In Defense Of Mayor Michael Bloomberg…

Posted: 8 years ago | By: Christine Somers | In: Life Management | Read Time: 5 minutes, 9 seconds

 


{Wheaties and Weed: Maybe this guy could use some nutrition tips!}

Michael Bloomberg is the mayor of New York City and I like him. I am here to explain why you should like him too.  That’s not to say that he needs me to defend him because he has done quite nicely without me covering for him during his 71 years on this planet. He is a billionaire who made his money selling “high quality financial” information. Capitalism and technology are his friends and he sings their praises regularly while they continue to increase his wealth.

Once Bloomberg was able to cover his mortgage, he decided to go into politics. As many community-minded people do, he decided to run for mayor of his adopted city. His adopted city just happens to be New York City. According to Wikipedia, New York is the 16th largest economy in the world so governing NYC requires someone with multiple talents. Esquire says, “He’s liberal. He’s conservative.  He’s Idealistic. He’s pragmatic.” There’s more but you get the gist of their headline.

I say he is a businessman who has a 30,000-foot view of governing and most people don’t understand it.  Those who are confused by him point to the fact he started out as a Democrat, moved to the Republican party and then chucked both parties and became an Independent.  Like any real businessperson will tell you, politics is frustrating and at times a big time waster.  (For example, the government shut down fall of 2013.) Bloomberg just cut the whole thing loose.

Of course when you have 31 billion dollars in your checking account and can fund your own political campaign for any office in our fair land, who needs the headache of the small, petty stuff generated by the Democratic and Republican parties. But for most people party affiliation is a one-word signal for political philosophies. The Republican party declares they are all about small government, a strong military and conservative values while the Democrats get tagged with the antithesis of those beliefs.  Bloomberg just couldn’t be bothered with these inaccurate labels.

So now he is Mayor of New York City and he has a vision for the City.  Drawing upon his talents as a businessman he went to work. I am here to tell you, New York City is one of the best-run cities in the country. When Bloomberg leaves office January 1, 2014, the incoming mayor will inherit a balanced budget and a very livable city. But Bloomberg is a businessman who envisions a future where cost could overrun the City. So he started to tackle the root causes of increasing cost to the City of New York. And that dear reader brings us to the heart of the matter…soda.

Yes, when Mayor Bloomberg went after the 64-ounce sodas here in NYC, I thought, “Being a bit paternalistic don’t you think Mike?” I was still a little uncomfortable at his overturning term limits and going for a third term and now, he was getting in everyone’s face about sodas.  Just who does he think he is? Our Dad?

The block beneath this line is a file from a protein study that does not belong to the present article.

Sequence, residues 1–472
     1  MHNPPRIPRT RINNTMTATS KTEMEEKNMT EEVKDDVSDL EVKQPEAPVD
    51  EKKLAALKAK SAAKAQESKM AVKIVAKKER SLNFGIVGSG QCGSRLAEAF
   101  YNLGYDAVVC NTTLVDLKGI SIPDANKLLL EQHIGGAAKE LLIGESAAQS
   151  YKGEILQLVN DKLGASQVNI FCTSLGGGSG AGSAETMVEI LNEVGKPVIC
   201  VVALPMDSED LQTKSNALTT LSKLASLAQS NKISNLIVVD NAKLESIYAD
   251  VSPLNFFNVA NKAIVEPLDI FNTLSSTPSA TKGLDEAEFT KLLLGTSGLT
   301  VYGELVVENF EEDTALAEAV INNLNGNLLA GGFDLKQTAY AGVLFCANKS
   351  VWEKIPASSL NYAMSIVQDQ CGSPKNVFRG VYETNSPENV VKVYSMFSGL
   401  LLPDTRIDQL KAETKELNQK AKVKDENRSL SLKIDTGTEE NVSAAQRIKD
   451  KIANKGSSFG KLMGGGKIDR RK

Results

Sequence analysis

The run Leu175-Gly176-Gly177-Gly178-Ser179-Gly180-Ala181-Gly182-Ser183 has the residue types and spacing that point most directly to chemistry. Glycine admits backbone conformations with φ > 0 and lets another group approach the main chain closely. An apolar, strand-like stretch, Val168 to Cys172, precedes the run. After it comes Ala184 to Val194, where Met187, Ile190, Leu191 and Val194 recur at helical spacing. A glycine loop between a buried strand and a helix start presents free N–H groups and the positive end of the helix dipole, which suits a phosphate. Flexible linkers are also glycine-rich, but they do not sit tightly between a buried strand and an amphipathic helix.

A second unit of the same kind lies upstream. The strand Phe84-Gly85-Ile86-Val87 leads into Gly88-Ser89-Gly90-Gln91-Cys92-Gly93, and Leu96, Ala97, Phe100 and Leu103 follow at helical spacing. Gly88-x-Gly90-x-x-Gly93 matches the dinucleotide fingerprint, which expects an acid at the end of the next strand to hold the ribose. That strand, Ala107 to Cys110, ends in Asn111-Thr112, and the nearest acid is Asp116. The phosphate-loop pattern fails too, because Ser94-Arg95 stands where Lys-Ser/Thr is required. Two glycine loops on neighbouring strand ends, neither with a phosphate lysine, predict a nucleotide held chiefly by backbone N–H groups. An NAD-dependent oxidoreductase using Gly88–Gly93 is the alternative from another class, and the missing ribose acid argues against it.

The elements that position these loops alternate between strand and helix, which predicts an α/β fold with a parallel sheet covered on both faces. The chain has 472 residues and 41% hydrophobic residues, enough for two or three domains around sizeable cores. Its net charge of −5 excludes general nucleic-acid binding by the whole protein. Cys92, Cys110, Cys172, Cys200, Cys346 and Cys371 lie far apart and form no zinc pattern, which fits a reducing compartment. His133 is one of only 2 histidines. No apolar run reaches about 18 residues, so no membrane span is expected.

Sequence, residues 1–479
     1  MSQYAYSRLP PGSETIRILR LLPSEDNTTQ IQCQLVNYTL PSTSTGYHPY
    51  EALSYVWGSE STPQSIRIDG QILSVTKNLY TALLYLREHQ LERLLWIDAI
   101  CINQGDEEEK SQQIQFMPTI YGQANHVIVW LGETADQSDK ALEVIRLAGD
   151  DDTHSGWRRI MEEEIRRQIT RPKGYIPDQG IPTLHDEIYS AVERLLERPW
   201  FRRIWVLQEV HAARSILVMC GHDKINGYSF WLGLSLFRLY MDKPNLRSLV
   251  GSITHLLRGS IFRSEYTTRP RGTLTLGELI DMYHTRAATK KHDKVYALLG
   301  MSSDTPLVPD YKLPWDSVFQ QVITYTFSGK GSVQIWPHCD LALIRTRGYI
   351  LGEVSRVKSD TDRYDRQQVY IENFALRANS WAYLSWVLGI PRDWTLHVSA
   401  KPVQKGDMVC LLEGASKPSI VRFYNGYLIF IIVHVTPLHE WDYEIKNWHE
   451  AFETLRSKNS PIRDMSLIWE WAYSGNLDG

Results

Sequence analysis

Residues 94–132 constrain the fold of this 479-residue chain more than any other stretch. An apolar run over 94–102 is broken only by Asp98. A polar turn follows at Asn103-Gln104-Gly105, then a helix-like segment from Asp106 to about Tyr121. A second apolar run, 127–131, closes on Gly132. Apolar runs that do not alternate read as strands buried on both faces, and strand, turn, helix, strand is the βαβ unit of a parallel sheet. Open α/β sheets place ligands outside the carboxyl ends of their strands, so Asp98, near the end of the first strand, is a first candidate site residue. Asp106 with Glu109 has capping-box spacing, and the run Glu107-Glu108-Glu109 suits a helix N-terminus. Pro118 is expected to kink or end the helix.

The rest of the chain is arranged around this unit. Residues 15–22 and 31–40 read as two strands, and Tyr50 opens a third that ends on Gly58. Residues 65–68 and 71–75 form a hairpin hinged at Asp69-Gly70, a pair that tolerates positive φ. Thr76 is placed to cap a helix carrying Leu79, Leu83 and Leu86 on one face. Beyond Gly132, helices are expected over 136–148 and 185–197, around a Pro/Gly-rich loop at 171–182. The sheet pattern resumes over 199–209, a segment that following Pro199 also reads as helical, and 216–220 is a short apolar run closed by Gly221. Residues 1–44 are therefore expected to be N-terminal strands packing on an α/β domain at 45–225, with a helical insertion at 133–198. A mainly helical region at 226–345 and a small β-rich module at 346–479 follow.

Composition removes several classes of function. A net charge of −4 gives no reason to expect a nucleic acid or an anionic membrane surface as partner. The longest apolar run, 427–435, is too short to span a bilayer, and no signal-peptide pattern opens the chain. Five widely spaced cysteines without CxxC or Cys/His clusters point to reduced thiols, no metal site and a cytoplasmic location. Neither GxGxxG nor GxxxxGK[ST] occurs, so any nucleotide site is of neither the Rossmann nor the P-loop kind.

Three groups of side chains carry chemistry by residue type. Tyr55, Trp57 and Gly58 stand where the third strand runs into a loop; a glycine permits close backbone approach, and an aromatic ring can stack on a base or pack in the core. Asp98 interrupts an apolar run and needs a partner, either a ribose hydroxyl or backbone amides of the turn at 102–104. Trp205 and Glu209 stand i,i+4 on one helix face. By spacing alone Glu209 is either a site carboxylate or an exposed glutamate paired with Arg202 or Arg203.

But I am a businessperson too and my company struggles under the weight of two line items on the P&L. Accounting and Health Insurance. I will save you my personal rant but if I am worried about health insurance cost in my small company, can you imagine Bloomberg’s nightmares?  And with the rate of type 2 diabetes and circulator system disease on the rise in this country, how in the world will business and government contain costs? So Bloomberg not only put in bike lanes, and updated parks and walkways, he took on the soda industry. He wants people to live a healthier life, not because he particularly cares about you but he knows what bad health can do to the bottom line in NYC. He believed cutting out sodas was the first step to containing healthcare cost for the City of New York.

What has the wealthy learned about money that the middle-class and the poor in this country don’t know? Money doesn’t mean happiness or the answer to your pie-in-the-sky dreams. It doesn’t even mean you are talented, smart or cool. Money means choice. And the more money you make the more choices you have. With enough money you can pay your mortgage or rent payment, pay your electric bill and eat, without enough money you have to choose, which one or ones do you think are most important and can fund?

Mayor Bloomberg wants NYC to have enough money to fund all its choices. To Mike cutting out the sodas was an easy thing to do to avoid high medical costs that somebody is going to have to pay for someday. As does happen in this country, this became some kind of First or Fourth Amendment right…. Congress shall pass no laws to limit the amount of soda that may be purchased by pre-diabetic 10-year olds.  And to avoid any confusion on your part, I think as pragmatic as Mayor Bloomberg was trying to be, his efforts were futile. I would not have encouraged him to go down this path. The soda industry has already developed a machine that will dispense unlimited amounts of soda to the consumer at the touch of a button. All you have to do is buy a cup and keep coming back for refills. 

So when you see Bloomberg on TV or see his name in People Magazine, don’t say, “Oh, that’s Mike Bloomberg the Don Quixote of the 64-ounce soda.” It will serve you better to remember that he is a wealthy man who rides the subway, walks to the office and doesn’t spend his money on diabetes test strips.  I like Mike. Not because he is rich or we are both business people. I like him because he is trying to get to the root cause of the problems in our country and do something about them. We need to be doing the same.